The Pitaya Project is located within a district of northern Sonora that includes 14 significant gold deposits, most notably La Herradura, Noche Buena and El Chanate. As shown on the “Project Summary” map (previous page), all of these deposits occur along northwest-trending Mojave-Sonora megashear, a major Late Jurassic continental-scale transform fault analogous to the modern-day San Andreas fault. Pitaya geologists believe that the megashear was responsible for structural preparation of ground that continues to yield significant gold results from properties that include the 6564 hectare Pitaya Project.
Agnico-Eagle Mines Ltd.
On May 27, 2011, the Company finalized an Earn-In and Shareholders Agreement with Agnico-Eagle Mines Ltd. (AEM) regarding the Company’s Pitaya property. Pursuant to the Agreement, AEM may acquire up to a 75% interest in the Pitaya gold project and form a joint venture with the Company by making qualified exploration expenditures and payments to Colibri Resource Corp. To earn a 75% interest in the Pitaya Project, AEM is required to spend, over the next three years, a minimum of US$3.0 million in exploration expenditures as well as complete a positive feasibility study within five years. As required under the Agreement, the Company incorporated a Mexican wholly-owned subsidiary of a B.C. company and transferred all rights, title and interest in the Pitaya Project to the Mexican subsidiary.
Pursuant to the above Agreement, AEM will be required to make option payments to Colibri Resource Corp totalling US$1,452,000 over a seven year period. After completion of the feasibility study and earning a 75% interest in the Pitaya Project, AEM and Colibri may form a joint venture to develop the Project. Pursuant to the Agreement, AEM also made an equity investment in Colibri Resource Corp. by purchasing 3 million units at $0.20 per unit for gross proceeds of $600,000. Each unit is comprised of one common share and one share purchase warrant. Each warrant is exercisable into one common share at an exercise price of $0.35 per common share until May 26, 2013.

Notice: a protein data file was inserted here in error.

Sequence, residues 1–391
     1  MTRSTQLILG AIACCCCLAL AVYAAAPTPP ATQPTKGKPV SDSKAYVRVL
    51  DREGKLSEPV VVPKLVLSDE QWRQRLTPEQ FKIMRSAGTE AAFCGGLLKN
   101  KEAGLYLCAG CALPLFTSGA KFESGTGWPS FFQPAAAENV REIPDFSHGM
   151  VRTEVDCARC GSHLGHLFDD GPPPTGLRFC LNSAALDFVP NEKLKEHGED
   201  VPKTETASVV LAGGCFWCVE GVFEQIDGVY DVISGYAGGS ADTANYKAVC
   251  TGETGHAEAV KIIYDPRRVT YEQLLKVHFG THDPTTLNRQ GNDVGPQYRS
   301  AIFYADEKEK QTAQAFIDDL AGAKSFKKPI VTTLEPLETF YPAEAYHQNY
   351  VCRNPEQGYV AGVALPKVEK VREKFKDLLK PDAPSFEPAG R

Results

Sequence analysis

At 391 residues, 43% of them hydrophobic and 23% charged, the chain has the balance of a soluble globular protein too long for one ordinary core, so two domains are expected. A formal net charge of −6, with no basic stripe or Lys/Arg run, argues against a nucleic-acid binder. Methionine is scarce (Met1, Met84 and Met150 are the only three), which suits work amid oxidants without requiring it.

La Herradura is the largest operating gold mine in Mexico. It is jointly owned by Newmont Mining and Industriales Peñoles. La Herradura presently contains over 10 million ounces of gold reserves, and during 2004, produced 150,000 ounces of gold at a cost of less than $145 per ounce. The same ownership group now owns the Noche Buena deposit, located 12 miles northwest of the Pitaya Project area, and is currently constructing a mine. In 2006, Peñoles drilled a fence of nine reverse-circulation holes along the eastern edge of the Pitaya Property. AuRico Gold’s El Chanate mine, located 20 miles to the southeast, started production in August, 2007.
Past Exploration Activities
Exploration on the Pitaya Project targeted down-dip projections of high grade quartz veins and associated hematite-silica breccia zones that cut Jurassic volcanic and sedimentary rocks (see drill core photos below). Scores of underground mine workings and prospect pits dating back to the Spanish occupation are focused on these veins. Geological mapping (see illustrations below) reveals that the veins were originally emplaced along steep NW and NE-trending fractures associated with the Late Jurassic megashear. Gold appears to have been mobilized and concentrated later during Laramide compression, when the veins were rotated and sheared along moderately-dipping reverse faults. A younger generation of Tertiary low-angle normal faults (detachment faults) intersects the reverse faults, resulting in dissemination of gold along shallow, undulating breccia zones. Two of these detachment faults were apparently imaged by an electrical geophysical survey (see illustrations below).